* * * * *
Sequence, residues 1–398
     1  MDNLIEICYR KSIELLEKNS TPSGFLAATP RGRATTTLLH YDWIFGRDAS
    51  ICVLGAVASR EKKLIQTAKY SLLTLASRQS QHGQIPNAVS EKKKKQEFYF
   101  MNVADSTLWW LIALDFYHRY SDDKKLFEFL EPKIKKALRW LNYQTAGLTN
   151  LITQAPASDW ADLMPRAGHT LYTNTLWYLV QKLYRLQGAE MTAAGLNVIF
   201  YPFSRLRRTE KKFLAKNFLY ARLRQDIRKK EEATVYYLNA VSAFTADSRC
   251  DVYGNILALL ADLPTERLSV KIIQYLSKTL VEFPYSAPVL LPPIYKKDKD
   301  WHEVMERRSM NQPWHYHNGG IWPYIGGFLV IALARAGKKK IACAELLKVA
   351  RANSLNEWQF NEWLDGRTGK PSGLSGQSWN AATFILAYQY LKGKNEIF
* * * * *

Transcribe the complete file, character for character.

Sequence, residues 1–398
     1  MDNLIEICYR KSIELLEKNS TPSGFLAATP RGRATTTLLH YDWIFGRDAS
    51  ICVLGAVASR EKKLIQTAKY SLLTLASRQS QHGQIPNAVS EKKKKQEFYF
   101  MNVADSTLWW LIALDFYHRY SDDKKLFEFL EPKIKKALRW LNYQTAGLTN
   151  LITQAPASDW ADLMPRAGHT LYTNTLWYLV QKLYRLQGAE MTAAGLNVIF
   201  YPFSRLRRTE KKFLAKNFLY ARLRQDIRKK EEATVYYLNA VSAFTADSRC
   251  DVYGNILALL ADLPTERLSV KIIQYLSKTL VEFPYSAPVL LPPIYKKDKD
   301  WHEVMERRSM NQPWHYHNGG IWPYIGGFLV IALARAGKKK IACAELLKVA
   351  RANSLNEWQF NEWLDGRTGK PSGLSGQSWN AATFILAYQY LKGKNEIF